Please use this identifier to cite or link to this item: http://repositorio.unicamp.br/jspui/handle/REPOSIP/202253
Type: Artigo de periódico
Title: Enhanced D1 And D2 Inhibitions Induced By Low-frequency Trains Of Conditioning Stimuli: Differential Effects On H- And T-reflexes And Possible Mechanisms.
Author: Mezzarane, Rinaldo André
Magalhães, Fernando Henrique
Chaud, Vitor Martins
Elias, Leonardo Abdala
Kohn, André Fabio
Abstract: Mechanically evoked reflexes have been postulated to be less sensitive to presynaptic inhibition (PSI) than the H-reflex. This has implications on investigations of spinal cord neurophysiology that are based on the T-reflex. Preceding studies have shown an enhanced effect of PSI on the H-reflex when a train of ~10 conditioning stimuli at 1 Hz was applied to the nerve of the antagonist muscle. The main questions to be addressed in the present study are if indeed T-reflexes are less sensitive to PSI and whether (and to what extent and by what possible mechanisms) the effect of low frequency conditioning, found previously for the H-reflex, can be reproduced on T-reflexes from the soleus muscle. We explored two different conditioning-to-test (C-T) intervals: 15 and 100 ms (corresponding to D1 and D2 inhibitions, respectively). Test stimuli consisted of either electrical pulses applied to the posterior tibial nerve to elicit H-reflexes or mechanical percussion to the Achilles tendon to elicit T-reflexes. The 1 Hz train of conditioning electrical stimuli delivered to the common peroneal nerve induced a stronger effect of PSI as compared to a single conditioning pulse, for both reflexes (T and H), regardless of C-T-intervals. Moreover, the conditioning train of pulses (with respect to a single conditioning pulse) was proportionally more effective for T-reflexes as compared to H-reflexes (irrespective of the C-T interval), which might be associated with the differential contingent of Ia afferents activated by mechanical and electrical test stimuli. A conceivable explanation for the enhanced PSI effect in response to a train of stimuli is the occurrence of homosynaptic depression at synapses on inhibitory interneurons interposed within the PSI pathway. The present results add to the discussion of the sensitivity of the stretch reflex pathway to PSI and its functional role.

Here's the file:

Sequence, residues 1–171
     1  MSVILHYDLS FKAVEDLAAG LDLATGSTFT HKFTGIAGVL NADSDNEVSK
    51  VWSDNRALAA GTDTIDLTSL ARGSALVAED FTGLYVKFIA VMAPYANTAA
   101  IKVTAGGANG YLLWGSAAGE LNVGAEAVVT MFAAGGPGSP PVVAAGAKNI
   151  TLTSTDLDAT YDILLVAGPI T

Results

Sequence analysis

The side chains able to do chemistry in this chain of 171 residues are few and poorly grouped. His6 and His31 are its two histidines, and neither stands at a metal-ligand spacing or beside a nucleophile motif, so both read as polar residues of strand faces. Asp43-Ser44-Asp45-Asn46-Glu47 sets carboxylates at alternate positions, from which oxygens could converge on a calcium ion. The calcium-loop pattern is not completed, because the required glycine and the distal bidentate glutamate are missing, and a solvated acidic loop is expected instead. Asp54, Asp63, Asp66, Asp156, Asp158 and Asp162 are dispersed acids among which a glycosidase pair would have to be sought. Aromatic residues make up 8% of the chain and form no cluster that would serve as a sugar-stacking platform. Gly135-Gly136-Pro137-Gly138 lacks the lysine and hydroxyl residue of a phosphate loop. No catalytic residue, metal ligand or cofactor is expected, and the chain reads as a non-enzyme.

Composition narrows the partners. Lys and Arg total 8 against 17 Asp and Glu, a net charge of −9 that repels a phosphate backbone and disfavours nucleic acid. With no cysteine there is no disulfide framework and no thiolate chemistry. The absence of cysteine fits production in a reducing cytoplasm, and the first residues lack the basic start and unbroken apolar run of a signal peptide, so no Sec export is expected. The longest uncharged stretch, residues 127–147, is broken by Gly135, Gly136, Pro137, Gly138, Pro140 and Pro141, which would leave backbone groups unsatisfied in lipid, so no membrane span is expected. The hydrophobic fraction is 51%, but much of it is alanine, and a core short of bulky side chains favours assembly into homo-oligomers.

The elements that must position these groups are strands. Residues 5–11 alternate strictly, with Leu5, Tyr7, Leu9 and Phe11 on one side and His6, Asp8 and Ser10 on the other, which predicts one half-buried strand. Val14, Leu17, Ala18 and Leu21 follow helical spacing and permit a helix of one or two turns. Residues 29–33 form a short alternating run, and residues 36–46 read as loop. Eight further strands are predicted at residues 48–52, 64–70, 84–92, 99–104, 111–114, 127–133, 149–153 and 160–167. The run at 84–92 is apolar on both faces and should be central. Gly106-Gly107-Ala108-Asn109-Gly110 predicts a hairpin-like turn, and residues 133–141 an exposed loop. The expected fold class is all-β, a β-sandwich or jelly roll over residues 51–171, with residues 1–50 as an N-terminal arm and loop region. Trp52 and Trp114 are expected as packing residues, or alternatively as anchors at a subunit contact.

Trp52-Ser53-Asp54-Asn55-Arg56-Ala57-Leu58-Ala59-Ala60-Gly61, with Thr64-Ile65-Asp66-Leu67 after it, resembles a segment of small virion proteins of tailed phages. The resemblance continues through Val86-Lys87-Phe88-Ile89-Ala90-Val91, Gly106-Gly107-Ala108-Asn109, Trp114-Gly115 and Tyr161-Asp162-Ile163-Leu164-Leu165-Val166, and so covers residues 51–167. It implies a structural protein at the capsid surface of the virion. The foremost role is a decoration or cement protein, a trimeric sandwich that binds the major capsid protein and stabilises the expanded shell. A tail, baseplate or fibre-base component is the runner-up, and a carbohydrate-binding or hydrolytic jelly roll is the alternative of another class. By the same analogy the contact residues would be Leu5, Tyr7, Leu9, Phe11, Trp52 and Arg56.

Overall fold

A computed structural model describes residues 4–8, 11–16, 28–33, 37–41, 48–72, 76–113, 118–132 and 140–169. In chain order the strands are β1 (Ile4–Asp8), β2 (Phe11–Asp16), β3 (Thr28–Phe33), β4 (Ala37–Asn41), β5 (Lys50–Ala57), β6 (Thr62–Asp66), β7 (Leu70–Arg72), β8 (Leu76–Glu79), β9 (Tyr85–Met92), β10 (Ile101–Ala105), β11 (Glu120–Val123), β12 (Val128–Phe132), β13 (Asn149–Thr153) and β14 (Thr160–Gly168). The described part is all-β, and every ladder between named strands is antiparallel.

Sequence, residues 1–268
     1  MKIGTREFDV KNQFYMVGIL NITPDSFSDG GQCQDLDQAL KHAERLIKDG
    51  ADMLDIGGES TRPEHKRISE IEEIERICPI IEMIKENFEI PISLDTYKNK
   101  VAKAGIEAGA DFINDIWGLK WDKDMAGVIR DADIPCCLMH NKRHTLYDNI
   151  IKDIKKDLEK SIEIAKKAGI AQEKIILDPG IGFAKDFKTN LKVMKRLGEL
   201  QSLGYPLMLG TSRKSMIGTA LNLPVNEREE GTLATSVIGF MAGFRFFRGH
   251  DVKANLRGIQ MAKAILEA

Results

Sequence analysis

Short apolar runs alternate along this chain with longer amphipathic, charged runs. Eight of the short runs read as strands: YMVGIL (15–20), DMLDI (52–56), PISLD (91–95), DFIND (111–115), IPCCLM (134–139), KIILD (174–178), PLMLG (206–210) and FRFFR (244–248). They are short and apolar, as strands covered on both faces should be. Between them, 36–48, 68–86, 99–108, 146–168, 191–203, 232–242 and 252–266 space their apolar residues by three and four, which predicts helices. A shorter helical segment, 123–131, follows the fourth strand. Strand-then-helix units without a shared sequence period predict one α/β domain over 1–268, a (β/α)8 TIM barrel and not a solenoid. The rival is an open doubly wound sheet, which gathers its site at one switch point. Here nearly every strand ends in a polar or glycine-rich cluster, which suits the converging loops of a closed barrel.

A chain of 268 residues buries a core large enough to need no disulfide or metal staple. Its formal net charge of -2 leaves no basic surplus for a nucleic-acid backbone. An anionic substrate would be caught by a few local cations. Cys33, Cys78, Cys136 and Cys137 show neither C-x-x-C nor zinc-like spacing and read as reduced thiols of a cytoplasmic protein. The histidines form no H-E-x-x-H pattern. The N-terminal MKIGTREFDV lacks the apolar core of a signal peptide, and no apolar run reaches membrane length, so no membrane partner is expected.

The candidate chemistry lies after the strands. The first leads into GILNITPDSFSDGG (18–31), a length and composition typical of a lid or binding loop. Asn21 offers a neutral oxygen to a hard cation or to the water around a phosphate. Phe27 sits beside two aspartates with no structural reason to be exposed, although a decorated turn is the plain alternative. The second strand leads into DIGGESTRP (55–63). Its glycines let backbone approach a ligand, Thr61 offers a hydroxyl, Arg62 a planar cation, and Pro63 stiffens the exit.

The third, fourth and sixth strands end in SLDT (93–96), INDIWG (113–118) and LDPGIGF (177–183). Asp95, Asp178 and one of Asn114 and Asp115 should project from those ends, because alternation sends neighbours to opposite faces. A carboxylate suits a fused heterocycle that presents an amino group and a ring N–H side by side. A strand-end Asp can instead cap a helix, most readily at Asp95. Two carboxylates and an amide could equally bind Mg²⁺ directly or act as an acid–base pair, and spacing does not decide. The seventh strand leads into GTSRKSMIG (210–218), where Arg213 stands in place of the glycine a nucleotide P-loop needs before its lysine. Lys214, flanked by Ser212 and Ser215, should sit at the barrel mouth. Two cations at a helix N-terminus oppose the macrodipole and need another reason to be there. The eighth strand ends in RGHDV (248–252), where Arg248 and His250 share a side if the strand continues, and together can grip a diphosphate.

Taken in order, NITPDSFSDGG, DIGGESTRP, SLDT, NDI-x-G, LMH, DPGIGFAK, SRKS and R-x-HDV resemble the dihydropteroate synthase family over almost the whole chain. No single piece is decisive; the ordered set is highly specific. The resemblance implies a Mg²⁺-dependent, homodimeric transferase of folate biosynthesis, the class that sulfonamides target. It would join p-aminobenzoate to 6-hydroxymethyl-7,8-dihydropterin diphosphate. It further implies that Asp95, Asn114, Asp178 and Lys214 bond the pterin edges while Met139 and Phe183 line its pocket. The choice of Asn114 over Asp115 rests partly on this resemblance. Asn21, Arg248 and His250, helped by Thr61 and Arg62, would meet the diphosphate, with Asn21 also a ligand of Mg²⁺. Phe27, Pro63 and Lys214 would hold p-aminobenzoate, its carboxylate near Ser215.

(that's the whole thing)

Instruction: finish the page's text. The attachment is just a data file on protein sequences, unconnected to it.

Rights: aberto
Identifier DOI: 10.1371/journal.pone.0121496
Address: http://www.ncbi.nlm.nih.gov/pubmed/25807195
Date Issue: 2015
Appears in Collections:Unicamp - Artigos e Outros Documentos

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